8. However, such processes which emphasised a democratic and participatory community controlled development of renewable energies, which contributed in an important way to the ability of the inhabitants of territories rich in such energy resources to build somewhat autonomous and empowering development paths, are now frequently being undermined. This is because of the threats posed by private investors, companies, and free trade agreements, all with the full support of national policies aimed at undermining previous forms of democratic and participatory control. The question of ownership and control over the territories rich in renewable energy resources is becoming increasingly important (and may in fact become one of the determining factors in shaping the future renewable energy sector). Important here is the production of raw materials for agrofuels (fuels that many people question should even be described as renewable). The production of these crops, especially soya sugar cane and palm, competes with food production and is pushing up the price of food and land. This is especially important in Malaysia, Indonesia, Brazil, Colombia, and Paraguay, but is not limited to these countries. Resistance from rural communities to these developments is very strong. The question of agrofuels is already gaining substantial visibility, so will not be discussed any further here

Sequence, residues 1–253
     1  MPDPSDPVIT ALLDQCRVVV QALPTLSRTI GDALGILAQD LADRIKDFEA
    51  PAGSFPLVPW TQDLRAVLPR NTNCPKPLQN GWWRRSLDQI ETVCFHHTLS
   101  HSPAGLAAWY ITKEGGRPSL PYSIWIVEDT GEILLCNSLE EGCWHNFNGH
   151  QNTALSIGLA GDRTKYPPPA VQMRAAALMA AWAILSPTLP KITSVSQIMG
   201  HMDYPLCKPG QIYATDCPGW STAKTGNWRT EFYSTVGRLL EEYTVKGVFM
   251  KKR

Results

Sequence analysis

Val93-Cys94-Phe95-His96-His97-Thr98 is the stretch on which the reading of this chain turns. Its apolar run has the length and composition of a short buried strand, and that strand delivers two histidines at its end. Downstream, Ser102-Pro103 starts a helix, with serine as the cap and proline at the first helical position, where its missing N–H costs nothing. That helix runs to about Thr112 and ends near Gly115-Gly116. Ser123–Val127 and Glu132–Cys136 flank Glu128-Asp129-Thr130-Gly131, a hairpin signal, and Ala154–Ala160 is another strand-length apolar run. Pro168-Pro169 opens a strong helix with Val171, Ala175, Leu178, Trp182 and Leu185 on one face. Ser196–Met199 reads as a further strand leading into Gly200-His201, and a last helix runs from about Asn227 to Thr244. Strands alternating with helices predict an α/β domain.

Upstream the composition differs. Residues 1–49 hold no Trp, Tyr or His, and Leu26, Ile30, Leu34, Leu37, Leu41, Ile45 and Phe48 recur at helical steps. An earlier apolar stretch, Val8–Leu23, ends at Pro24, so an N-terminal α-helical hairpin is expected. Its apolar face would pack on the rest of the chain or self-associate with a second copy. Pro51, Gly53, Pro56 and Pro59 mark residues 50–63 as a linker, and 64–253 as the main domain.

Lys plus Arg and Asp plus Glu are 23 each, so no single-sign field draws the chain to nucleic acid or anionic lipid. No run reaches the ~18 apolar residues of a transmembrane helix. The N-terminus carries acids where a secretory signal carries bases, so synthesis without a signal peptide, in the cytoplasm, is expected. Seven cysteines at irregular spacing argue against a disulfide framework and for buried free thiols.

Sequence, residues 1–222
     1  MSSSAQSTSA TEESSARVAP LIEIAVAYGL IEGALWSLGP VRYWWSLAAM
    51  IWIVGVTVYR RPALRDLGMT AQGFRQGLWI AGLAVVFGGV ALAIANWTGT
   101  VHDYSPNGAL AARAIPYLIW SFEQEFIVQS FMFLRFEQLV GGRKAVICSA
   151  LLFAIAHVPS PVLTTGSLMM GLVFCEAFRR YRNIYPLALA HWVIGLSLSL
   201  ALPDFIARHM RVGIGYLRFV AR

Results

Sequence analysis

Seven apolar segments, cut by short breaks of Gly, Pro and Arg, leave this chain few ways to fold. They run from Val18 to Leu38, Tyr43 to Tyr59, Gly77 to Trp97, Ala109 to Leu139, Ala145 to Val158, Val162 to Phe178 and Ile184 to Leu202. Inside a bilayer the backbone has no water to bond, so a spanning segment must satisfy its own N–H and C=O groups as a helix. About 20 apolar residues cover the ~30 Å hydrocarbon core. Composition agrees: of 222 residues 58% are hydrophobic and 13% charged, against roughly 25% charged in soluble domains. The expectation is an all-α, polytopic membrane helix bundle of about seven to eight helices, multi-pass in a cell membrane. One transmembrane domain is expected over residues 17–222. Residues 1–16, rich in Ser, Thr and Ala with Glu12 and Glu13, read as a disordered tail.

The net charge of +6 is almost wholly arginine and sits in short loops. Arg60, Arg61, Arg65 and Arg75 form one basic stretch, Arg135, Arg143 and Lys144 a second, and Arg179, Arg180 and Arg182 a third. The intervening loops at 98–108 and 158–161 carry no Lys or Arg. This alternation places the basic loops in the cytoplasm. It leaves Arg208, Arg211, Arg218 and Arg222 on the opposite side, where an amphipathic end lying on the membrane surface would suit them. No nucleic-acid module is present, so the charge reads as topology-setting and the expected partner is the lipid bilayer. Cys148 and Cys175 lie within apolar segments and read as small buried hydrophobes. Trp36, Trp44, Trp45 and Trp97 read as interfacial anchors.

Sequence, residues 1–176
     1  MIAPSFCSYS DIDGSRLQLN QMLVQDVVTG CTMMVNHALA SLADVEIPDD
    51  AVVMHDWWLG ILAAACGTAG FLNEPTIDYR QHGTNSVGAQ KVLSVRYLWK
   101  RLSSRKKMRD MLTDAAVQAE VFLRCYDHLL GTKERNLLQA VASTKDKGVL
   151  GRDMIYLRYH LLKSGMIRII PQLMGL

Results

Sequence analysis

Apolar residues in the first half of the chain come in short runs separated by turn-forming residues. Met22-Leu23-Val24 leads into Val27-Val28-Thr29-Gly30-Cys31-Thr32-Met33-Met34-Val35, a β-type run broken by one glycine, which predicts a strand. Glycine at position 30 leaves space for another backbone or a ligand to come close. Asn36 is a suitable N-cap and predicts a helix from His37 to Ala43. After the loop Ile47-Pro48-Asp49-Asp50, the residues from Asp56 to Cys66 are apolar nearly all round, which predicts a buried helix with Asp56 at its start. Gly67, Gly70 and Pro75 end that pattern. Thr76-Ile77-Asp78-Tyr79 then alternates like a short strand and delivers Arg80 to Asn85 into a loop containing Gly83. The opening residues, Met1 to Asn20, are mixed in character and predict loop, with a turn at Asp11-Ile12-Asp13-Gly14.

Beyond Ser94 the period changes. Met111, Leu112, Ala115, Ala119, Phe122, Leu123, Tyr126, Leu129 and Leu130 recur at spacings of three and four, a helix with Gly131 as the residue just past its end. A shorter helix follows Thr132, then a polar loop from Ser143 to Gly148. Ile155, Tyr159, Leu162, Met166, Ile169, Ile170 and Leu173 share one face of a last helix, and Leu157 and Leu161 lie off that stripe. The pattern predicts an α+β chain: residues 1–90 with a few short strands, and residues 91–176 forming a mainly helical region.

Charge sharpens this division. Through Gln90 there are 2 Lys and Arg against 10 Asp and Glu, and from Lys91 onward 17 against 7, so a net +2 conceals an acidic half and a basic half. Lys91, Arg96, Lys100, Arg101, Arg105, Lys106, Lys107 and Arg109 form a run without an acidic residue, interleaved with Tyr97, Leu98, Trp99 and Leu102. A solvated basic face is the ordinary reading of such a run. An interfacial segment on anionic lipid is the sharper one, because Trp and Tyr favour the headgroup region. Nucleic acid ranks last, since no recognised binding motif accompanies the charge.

9. Less well known is the fact that territorial conflicts are also occurring in relation to wind energy. In Mexico, indigenous communities are being deceived and displaced so that the country’s wind resources (amongst the best in the world) can supply electricity to major multinational companies, such as the Mexican arm of Walmart. In China, police have killed peasants protesting against inadequate compensation for wind turbines installed on their land. In Colombia, indigenous communities are facing territorial loss and paramilitary violence in relation to wind farms that supply electricity for one of the largest open pit coal mines in the world, itself a development closely associated with ecological and human rights violations. Both the Mexican and Colombian wind energy projects have received international financing through the Clean Development Mechanism. In all these examples, local communities are resisting these developments. Importantly, labour struggles are also emerging in the sector, especially in relation to the production of the raw materials for agrofuels in the countries where they are produced. In Germany, a leading country in the production of wind and solar energy infrastructure, the major trade union IG-Metall is organising workers in the face of poor working conditions in the plants where the infrastructure is produced, many of which are in the former East German GDR where wages are much lower than in the part which was once West Germany. So far, these struggles have been more centred around working conditions in relation to producing the infrastructure or fuels for renewable energy systems, rather than workers’ ownership of the productive process itself. However, there are some exceptions to this, and these need highlighting. In Indonesia, workers in the palm plantations have also taken steps to take over the mills. And, in the summer of 2009, just a few months before the Copenhagen talks took place, what is likely to prove to be a historic turning point in the wind industry began to unfold in the UK. The country’s only wind turbine component manufacturing plant (owned by the Danish company Vestas, the world’s largest producer of wind turbines) announced it was to close, sacking 600 workers. The workers occupied the plant for about three weeks. Demands from workers and their supporters included government nationalisation of the plant, as well as converting it into a workers’ cooperative. They were met with a combination of widespread social support as well as the (limited) use of riot police and court rulings. The issue remains unresolved. Finally, it is also worth mentioning the importance of patents, and the struggle over who owns knowledge and technologies, and to what degree they will be commodified or not. Despite some initial murmurings about ‘open source’ technology and non-commercial technology transfer-movement arising in the renewable energy sector, inspired by the open source computer software movement, such a process is still virtually non-existent. On a more general level, but of crucial relevance to the question of transition towards a new energy system, it is worth looking at contemporary struggles over land and energy-intensive industries. Land is one of the most basic elements of subsistence for humans throughout the world, and is also essential for capital accumulation. It is both a key means of production, and of the reproduction of human life. Collective ownership and decommodification of land are still at the heart of many, if not most, rural and indigenous struggles throughout the world today. It is in these struggles that the clearest political discourse surrounding control of the means of production can be found. However, the outlook for struggles in energy-intensive industries such as cars, aviation, transport or tourism is more pessimistic in terms of struggles over ownership and decommodification. The dominant strategic discourse from major trade union and other worker organisations in these sectors is equally pessimistic in this regard. Similarly, for most left wing political parties. Ownership struggles have by and large already been lost. Over the last many years, most struggles in these sectors have revolved around demanding certain reforms in the production and labour process, as well as improved user access. However, little space remains open for serious struggle (or even discussion) for major changes to patterns of ownership and control. At the more radical end of ecological critique there are many discussions about the need for a profound change in production relations. However, the organisations and collectives with such perspectives frequently lack the social base necessary for such a process of change to actually happen. In particular, they have little capacity (and sometimes lack even the will) to contribute to serious debate within trade unions and other worker organisations within these sectors, so their more sophisticated critique amounts to just that: a critique without a process of change accompanying it. On the other hand, the dominant “green” discourse, though often well-connected to trade union organisations working on sustainability from a worker perspective, hardly talks about ownership of key means of production. Most climate change campaigns from this broad group of organisations are pushing for change within the existing framework of social relations. Finally, the dominant trade union discourse in these sectors favours tripartite bargaining, ‘decent work’, and social peace, based around regulating production for private profit in an expanding world-market. However, the economic-financial crisis also offers an opportunity to reopen this old discussion, since the old model of Keynesian class compromise and stabilisation of struggles aimed at changing ownership patterns of key means of production is dead, and in all probability will not be resurrected. Furthermore, unless the discussion on production is reopened, it is very likely that the ’solutions’ found to the economic-financial crisis will be authoritarian. Starting with the economic and financial collapse of Argentina in 2001, factory occupations and self-managed industrial production and exchange have returned to the political landscape. In the wake of the current worldwide financial and economic crisis, a ripple of factory struggles, including worker occupations and kidnapping of bosses, have spread around the world, including in the U.S., the UK, and numerous countries in Eastern Europe. Such struggles are largely defensive, related to redundancy conditions, rather than proposing a new model of ownership, production and control, and are still on a very small scale. Notably, the Detroit car factories have virtually been left to go under, or given lifelines in order to draw out their demise over time. Certainly they have not been taken over by workers and communities and converted into renewable energy production plants. Yet, even the head of the United Autoworkers Union made a fleeting and cautious reference to workers’ occupations of the plants, albeit way too little, way too late. Yet, this is a rhetoric that has not been used in such places for many decades. In South Korea, workers in the Ssanyong car industry have recently sustained an occupation of a car factory that lasted over two months, involved close to 1000 workers, and armed self-defence. It was only defeated after a prolonged struggle involving several thousand riot police. For the most part, with the exception of the Korean car plants, these have been small processes. Nonetheless, they are of great importance, and appear to be on the upsurge. Importantly, the industries in crisis are some of the key energy-intensive industries, such as cars and steel, which are especially relevant to the issue of energy transition and worker-community led conversion processes. Reparations, Degrowth and World-wide Class Struggle Establishing some form of collective or common control over society’s wealth generation and distribution is likely to prove an incredibly difficult task. However, it must be seen as only a stepping stone to a wider set of even more difficult, but necessary solutions. While it is not enough, it would open up the possibility for at least embarking on a collective, participatory and democratic process of planning the future of production and the reproduction of our existence. Importantly, it would offer a material basis for a number of other processes that are currently impossible to implement, despite being very noble ideas. These include: Rapid and far reaching cuts in greenhouse gas emissions in the north. Renewable energy and energy efficiency Technology transfer from the north to the south. Leaving the oil (and other greenhouse gas emitting hydrocarbons) in the ground in exchange for international compensation that will go towards funding a post-petrol development in these countries. Just transition workers and communities affected by the moving away from carbon intensive industries. Each of these interventions already has a whole host of advanced proposals and organizations that have been mobilizing for many years around these themes, gaining valuable experience and expertise, as well as building important international collaborations. For instance, networks such as the World Council of Renewable Energy have, after finally been successful in getting governments from around the world to establish an International Renewable Energy Agency, dedicated to promoting renewable energy worldwide. The proposal to leave the oil in the ground in Yasuni national park in Ecuador is being echoed around the world, through the network Oilwatch International which is active in many different countries that have an abundance of oil. The International Federation of Chemical, Energy, Mine and General Workers Unions (ICEM) has for years been promoting a worker-led just transition process within both the energy sector and energy intensive industries